Lorie Kleiner Eckert

When my daughter was nine or ten years old, she had a moment of bliss brought to her by Dolly Parton. As a fourth grader, Lisa was required to read lots of library books, and that’s how a biography of the performer entered our lives. The book was called Coat of Many Colors. Lisa and I both read it, and loved it, and admired Dolly as a result. That same year, Dolly appeared live and in concert in Cincinnati. We made sure to attend. Though I don’t remember Dolly’s performance at all, I will always remember the concert. When Dolly walked onto the stage for the first time, the look of awe and delight on Lisa’s face was worth ten times whatever I paid for the tickets. I have appreciated Dolly ever since.

Because of this, I recently watched a documentary on Netflix, Dolly Parton: Here I Am. It was created in 2019 to honor her 50th anniversary at the Grand Old Opry in Nashville. With a career that long, you can bet there are lots of life lessons to be gleaned. Here are five that are worthy of mention.


1. One by one is the way to create a massive body of work

It is astounding that Dolly has written over three thousand songs. Since she is 75 years old, that’s akin to writing forty songs a year since infancy. The impetus to write has taken many forms. She began writing as a child. As the fourth of twelve kids, her early songs — stories set to music — were written to entertain her family. She also wrote as a form of therapy. We see this in autobiographical works like “The Coat of Many Colors.” It tells about the box of rags someone gave her family and the coat her mother made from them. Though teased about the rag coat at school, Dolly clearly knew every stitch was made with love, which was its own kind of riches. Dolly also wrote as a calming agent in her life. Whereas other stars used drugs or alcohol to come down after a performance, Dolly wrote songs.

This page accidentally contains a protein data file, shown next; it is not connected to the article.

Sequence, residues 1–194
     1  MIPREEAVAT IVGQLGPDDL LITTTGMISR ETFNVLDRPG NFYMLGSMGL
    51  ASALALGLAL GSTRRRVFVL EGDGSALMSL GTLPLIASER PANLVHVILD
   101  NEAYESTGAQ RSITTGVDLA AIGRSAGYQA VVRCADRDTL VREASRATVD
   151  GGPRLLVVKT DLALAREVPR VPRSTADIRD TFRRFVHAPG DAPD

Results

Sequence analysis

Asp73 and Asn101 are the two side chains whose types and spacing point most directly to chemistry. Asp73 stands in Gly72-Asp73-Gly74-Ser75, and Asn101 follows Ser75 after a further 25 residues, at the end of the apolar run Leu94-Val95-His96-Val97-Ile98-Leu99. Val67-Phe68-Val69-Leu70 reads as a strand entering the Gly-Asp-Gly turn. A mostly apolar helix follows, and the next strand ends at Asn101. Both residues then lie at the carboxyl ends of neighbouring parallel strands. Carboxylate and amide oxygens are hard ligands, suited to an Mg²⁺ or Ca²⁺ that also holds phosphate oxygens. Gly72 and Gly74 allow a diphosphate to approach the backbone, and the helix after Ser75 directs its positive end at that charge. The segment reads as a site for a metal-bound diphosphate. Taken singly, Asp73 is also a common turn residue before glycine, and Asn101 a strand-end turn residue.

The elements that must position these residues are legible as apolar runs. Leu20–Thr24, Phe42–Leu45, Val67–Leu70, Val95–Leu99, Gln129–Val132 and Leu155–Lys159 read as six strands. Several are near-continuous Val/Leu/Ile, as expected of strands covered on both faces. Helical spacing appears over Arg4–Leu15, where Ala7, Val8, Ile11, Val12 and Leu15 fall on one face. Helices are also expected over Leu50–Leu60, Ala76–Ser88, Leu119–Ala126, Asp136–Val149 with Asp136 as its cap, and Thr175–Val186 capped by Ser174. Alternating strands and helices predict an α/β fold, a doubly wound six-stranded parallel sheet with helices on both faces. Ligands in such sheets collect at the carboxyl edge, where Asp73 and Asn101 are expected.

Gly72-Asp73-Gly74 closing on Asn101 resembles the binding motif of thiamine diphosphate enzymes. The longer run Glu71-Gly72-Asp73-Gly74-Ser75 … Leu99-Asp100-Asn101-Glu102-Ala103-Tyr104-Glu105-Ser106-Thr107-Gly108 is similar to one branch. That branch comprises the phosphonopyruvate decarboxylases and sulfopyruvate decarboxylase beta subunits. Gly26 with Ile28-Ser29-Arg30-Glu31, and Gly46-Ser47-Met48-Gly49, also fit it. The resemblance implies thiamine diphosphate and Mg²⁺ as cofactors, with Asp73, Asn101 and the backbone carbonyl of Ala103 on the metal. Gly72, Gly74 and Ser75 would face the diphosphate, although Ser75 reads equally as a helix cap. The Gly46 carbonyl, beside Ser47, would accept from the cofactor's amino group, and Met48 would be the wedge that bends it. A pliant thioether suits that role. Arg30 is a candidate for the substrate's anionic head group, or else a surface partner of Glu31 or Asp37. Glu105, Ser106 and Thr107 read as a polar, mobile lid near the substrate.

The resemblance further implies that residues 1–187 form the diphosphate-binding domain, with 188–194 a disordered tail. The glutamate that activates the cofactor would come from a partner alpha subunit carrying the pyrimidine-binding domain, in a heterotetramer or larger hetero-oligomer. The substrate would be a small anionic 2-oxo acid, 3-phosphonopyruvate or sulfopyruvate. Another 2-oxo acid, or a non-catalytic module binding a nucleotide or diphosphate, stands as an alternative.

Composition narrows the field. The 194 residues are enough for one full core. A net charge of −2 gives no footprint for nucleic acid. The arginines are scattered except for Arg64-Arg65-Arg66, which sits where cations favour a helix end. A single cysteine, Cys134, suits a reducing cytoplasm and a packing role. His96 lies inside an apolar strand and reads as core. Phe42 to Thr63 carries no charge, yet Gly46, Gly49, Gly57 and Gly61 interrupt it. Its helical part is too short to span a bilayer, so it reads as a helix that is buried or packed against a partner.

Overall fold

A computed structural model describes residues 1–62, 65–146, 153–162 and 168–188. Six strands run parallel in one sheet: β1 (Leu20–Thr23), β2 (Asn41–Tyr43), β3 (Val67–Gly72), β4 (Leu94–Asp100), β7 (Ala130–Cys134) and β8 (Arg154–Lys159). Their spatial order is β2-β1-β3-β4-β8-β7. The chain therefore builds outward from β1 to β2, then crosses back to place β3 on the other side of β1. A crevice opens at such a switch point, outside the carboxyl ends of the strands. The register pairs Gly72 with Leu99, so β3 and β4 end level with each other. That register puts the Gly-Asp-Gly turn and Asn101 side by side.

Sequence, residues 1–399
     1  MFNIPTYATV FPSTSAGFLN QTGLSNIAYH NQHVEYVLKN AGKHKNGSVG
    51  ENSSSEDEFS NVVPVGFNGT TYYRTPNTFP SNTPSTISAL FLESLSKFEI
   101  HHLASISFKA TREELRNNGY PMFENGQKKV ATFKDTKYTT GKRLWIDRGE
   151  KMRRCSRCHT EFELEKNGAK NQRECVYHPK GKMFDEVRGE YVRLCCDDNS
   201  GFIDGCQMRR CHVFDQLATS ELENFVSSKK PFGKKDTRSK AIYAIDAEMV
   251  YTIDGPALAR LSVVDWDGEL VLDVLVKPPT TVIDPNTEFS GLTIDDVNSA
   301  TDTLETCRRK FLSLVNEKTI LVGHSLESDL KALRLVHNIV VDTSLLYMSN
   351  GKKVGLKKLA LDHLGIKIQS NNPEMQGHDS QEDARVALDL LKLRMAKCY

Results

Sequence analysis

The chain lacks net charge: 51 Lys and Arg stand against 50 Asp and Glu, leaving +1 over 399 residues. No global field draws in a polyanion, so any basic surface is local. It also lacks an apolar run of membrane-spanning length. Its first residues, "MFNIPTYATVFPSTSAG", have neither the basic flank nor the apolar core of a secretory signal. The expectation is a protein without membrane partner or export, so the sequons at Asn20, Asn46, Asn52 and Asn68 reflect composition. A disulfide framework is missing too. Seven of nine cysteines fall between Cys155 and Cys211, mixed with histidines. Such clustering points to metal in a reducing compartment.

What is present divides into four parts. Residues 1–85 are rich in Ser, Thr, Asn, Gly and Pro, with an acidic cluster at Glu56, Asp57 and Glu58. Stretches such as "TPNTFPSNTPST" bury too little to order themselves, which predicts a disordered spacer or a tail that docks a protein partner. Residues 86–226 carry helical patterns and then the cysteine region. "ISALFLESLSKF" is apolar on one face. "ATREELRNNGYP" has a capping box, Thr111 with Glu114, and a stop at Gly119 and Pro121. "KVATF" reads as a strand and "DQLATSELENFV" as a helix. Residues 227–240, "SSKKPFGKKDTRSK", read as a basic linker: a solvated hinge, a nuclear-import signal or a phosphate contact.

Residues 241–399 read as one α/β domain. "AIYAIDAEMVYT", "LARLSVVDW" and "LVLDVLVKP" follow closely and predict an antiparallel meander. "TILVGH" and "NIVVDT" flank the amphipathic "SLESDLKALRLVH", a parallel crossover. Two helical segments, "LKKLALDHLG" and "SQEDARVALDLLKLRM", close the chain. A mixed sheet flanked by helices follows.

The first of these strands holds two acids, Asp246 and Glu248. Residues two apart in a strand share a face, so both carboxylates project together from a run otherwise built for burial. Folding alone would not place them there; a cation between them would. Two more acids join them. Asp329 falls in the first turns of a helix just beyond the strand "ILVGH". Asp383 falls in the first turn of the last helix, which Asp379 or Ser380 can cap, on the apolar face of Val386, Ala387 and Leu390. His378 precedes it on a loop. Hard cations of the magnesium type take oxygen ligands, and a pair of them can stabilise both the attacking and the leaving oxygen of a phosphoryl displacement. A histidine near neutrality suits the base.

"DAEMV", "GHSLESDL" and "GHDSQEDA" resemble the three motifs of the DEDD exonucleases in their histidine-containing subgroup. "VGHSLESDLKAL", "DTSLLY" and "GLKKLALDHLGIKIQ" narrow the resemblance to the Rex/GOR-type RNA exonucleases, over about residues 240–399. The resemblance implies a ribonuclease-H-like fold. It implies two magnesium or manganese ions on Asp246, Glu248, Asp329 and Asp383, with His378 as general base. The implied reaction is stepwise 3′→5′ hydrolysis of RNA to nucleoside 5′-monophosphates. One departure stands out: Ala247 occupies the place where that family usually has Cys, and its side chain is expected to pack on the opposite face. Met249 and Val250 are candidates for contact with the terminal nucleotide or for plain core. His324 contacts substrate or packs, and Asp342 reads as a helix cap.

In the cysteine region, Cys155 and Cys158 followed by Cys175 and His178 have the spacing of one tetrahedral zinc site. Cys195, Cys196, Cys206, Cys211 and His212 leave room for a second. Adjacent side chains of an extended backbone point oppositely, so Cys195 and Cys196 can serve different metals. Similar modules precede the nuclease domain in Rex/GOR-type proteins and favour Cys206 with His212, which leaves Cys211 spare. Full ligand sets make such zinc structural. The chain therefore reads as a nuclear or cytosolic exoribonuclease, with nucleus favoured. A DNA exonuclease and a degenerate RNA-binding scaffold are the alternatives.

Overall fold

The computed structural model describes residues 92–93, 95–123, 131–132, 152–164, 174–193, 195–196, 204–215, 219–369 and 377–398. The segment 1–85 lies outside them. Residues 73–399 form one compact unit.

2. Even for big stars, life has its ups and downs

In 1985, after two decades of working together, RCA dropped Dolly’s contract because her records were not selling. This was in spite of her megahit five years earlier when she recorded “9 to 5,” a song that that became an anthem for working women in the United States, a song that went Platinum in the US and in the UK. Like anyone who gets laid off after years of faithful service to an organization, this was a blow to Dolly. 

3. But keep on keeping on because more good things are bound to come

Seven years later, Dolly went from this career low to the highest of heights. Here is the full story: In 1973 Dolly wrote and recorded the song, “I Will Always Love You.” She wrote it as a way to tell her business partner and mentor, Porter Wagoner, that it was time for her to leave his show and to start a solo career. Dolly reports that Elvis Presley loved the song. Indeed, Priscilla told her that Elvis sang it as they walked out of the courthouse when they got divorced. Elvis wanted to record it, but he wanted to buy all rights to it, and Dolly declined to sell. Dolly says it broke her heart that he never performed it. NOT selling to Elvis proved to be a wise business move. In 1992 Whitney Houston sang it in the film, The Bodyguard and turned it into one of the best-selling singles of all times. It has sold over 15 million physical copies. Dolly says this made her rich. The internet agrees, stating that Dolly made ten million dollars from the song in the 1990s alone.